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Cracking the Egg

This is an blog entry from a new guest writer, Richard Vacha, head of Marin County Tracking Club.  I am happy to have Richard as an occasional contributor.

To the early Apaches, Tracking and Awareness were the same word. This has taken me quite a while to really understand. Though certainly there are times in the life of a hunter-gather when tracks will be followed, the term “tracking” is also about noticing the details around us and putting the pieces together in an ongoing, dynamic realization. This is where modern nature appreciation meets up with ancient survival hunting, where immersion begins.

We have called this kind of tracking various things, from “holistic awareness” to “bringing the world back to life” or, simply, Awareness Tracking. It is a way of walking through the world, seeing the earth coming to life as we go forth, the whole panoply falling into patterns that make sense and reveal their interconnectedness.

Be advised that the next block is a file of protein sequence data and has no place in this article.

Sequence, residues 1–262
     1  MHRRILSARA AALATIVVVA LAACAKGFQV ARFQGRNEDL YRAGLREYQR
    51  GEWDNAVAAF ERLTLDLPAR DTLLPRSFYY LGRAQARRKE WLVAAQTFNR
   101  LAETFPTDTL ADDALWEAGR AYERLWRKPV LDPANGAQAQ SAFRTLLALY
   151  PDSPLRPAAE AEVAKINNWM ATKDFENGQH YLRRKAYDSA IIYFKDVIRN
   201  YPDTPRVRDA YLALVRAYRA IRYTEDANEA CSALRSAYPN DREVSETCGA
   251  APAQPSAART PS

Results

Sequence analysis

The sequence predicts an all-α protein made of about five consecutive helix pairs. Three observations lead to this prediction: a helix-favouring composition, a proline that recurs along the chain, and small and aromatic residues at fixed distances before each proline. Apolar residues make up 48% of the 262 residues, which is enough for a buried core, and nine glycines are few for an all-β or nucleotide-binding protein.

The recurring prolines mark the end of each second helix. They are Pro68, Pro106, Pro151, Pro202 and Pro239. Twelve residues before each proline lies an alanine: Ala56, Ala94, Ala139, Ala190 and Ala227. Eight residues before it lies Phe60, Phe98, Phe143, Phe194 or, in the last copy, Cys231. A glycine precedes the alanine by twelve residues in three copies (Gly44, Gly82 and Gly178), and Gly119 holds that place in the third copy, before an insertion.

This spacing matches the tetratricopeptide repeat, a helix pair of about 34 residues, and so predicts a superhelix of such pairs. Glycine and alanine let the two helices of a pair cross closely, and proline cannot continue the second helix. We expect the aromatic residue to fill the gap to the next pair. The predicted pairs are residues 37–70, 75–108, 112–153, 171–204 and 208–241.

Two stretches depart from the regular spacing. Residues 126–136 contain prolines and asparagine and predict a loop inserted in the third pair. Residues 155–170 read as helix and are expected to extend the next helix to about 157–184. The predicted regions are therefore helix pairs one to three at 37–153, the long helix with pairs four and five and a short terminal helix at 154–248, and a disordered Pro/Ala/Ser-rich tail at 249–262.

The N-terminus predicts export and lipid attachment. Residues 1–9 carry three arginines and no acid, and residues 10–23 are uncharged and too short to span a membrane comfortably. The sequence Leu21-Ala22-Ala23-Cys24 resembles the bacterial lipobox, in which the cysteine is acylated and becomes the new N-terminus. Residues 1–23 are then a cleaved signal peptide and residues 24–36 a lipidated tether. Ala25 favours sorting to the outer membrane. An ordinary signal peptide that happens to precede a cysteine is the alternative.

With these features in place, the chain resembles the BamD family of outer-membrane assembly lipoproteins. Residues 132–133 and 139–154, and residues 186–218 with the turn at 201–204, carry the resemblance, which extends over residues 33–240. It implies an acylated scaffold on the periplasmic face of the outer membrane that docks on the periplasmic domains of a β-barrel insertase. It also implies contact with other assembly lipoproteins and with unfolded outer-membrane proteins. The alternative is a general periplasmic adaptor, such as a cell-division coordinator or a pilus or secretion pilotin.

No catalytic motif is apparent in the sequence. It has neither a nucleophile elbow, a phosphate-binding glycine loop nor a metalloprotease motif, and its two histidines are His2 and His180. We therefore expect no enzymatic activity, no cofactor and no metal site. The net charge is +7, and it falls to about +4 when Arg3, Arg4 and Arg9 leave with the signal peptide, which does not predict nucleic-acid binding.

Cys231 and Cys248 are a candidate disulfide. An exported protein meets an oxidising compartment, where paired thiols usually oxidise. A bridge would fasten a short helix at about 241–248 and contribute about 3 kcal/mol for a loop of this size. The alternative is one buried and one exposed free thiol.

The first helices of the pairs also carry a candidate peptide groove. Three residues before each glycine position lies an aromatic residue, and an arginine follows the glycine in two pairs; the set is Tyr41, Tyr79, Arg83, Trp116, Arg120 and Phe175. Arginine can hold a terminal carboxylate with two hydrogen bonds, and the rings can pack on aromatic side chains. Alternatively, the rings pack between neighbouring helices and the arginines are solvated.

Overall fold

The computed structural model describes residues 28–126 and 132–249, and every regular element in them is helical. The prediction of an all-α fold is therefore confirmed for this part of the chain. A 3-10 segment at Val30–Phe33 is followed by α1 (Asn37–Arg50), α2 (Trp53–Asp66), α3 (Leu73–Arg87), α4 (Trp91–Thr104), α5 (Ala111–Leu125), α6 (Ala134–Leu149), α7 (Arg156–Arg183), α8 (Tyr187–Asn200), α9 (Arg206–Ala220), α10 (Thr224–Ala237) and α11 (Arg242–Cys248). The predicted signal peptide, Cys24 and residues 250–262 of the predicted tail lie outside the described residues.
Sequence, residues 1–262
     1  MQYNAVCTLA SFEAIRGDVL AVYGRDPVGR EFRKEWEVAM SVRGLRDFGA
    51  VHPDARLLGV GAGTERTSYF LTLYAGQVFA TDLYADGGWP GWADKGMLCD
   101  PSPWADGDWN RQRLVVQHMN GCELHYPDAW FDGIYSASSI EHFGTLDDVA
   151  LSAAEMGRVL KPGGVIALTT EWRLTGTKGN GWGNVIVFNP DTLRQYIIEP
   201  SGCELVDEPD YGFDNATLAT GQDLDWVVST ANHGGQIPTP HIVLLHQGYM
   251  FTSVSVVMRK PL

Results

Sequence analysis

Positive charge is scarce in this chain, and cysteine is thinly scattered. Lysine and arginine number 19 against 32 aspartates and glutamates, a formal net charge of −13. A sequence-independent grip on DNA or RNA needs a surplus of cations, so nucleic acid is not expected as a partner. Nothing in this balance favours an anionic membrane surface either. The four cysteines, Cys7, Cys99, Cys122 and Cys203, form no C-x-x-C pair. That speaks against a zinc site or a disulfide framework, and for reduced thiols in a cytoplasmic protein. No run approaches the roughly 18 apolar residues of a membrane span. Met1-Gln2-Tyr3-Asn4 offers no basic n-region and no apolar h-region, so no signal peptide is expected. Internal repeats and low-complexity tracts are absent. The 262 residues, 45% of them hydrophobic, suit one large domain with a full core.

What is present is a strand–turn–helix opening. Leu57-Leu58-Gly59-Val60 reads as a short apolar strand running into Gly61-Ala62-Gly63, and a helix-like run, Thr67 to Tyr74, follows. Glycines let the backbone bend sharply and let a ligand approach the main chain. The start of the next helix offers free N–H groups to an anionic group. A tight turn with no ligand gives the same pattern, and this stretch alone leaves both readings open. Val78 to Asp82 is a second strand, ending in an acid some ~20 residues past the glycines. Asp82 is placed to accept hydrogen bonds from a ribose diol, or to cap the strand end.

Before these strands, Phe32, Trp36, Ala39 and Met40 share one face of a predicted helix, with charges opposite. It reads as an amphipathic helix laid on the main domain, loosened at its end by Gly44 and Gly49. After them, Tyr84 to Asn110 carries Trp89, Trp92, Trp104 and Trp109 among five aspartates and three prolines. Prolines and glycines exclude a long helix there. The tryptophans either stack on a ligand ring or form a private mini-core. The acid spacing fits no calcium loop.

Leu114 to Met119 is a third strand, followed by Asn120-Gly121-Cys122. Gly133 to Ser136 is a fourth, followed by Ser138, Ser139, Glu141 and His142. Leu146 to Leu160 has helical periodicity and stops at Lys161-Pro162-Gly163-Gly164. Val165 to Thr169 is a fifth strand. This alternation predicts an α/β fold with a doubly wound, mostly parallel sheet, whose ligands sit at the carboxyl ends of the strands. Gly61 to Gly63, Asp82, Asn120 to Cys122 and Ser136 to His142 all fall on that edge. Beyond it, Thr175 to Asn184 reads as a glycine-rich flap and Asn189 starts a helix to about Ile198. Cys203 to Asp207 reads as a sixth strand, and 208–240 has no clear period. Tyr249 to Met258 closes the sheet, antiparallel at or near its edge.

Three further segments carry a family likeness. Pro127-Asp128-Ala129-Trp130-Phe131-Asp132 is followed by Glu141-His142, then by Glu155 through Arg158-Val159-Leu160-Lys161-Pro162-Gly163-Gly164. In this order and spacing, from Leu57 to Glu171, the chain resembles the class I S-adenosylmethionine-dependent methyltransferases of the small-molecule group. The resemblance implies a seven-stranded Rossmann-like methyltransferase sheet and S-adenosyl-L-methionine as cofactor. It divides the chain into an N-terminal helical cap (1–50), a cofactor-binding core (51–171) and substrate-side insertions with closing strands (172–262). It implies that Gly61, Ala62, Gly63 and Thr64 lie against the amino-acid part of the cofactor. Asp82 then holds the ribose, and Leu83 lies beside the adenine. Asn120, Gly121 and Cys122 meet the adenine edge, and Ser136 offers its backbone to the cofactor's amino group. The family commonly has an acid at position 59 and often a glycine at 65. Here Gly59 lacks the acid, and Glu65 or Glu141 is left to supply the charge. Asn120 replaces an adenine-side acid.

Awareness tracking is concerned with weather history, seasonal cycles, landscape and topography, plant and insect communities, feeding sign, bird movements, and more. With a working knowledge of local animal populations, very small details quickly yield broad insights. A tracker develops a living sense of how animals are shifting in response to the progression of the seasons, where individuals live, what their territories are, and when they are active. When we approach nature this way, it is like cracking open a magical egg and watching an endless parade of surprises issue forth.